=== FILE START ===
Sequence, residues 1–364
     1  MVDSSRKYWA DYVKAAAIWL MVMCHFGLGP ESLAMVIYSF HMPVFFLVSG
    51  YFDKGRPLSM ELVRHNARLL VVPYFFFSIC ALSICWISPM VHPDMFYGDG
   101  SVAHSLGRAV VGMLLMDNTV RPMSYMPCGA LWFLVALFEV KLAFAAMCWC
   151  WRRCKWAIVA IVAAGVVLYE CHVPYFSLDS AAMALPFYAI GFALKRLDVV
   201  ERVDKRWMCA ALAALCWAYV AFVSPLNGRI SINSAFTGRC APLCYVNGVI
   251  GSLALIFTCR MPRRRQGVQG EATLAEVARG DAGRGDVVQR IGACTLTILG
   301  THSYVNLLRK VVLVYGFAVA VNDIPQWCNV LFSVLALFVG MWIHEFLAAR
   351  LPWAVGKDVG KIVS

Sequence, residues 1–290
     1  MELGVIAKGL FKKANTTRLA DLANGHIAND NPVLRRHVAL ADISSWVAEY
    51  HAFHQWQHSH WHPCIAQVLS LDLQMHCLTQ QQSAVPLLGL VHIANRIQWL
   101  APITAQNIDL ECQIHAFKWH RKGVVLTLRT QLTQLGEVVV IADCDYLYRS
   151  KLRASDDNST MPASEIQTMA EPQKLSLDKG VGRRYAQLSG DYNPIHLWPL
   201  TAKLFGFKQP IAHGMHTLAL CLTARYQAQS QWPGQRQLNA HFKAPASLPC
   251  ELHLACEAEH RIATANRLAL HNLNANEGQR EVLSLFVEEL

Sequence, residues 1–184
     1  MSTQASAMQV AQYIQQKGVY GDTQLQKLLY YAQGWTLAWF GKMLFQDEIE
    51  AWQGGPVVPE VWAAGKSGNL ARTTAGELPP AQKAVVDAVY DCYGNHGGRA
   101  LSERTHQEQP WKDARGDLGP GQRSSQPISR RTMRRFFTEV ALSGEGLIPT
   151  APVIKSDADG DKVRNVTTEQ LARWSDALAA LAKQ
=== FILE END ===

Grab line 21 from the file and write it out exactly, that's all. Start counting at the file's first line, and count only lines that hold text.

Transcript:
   151  APVIKSDADG DKVRNVTTEQ LARWSDALAA LAKQ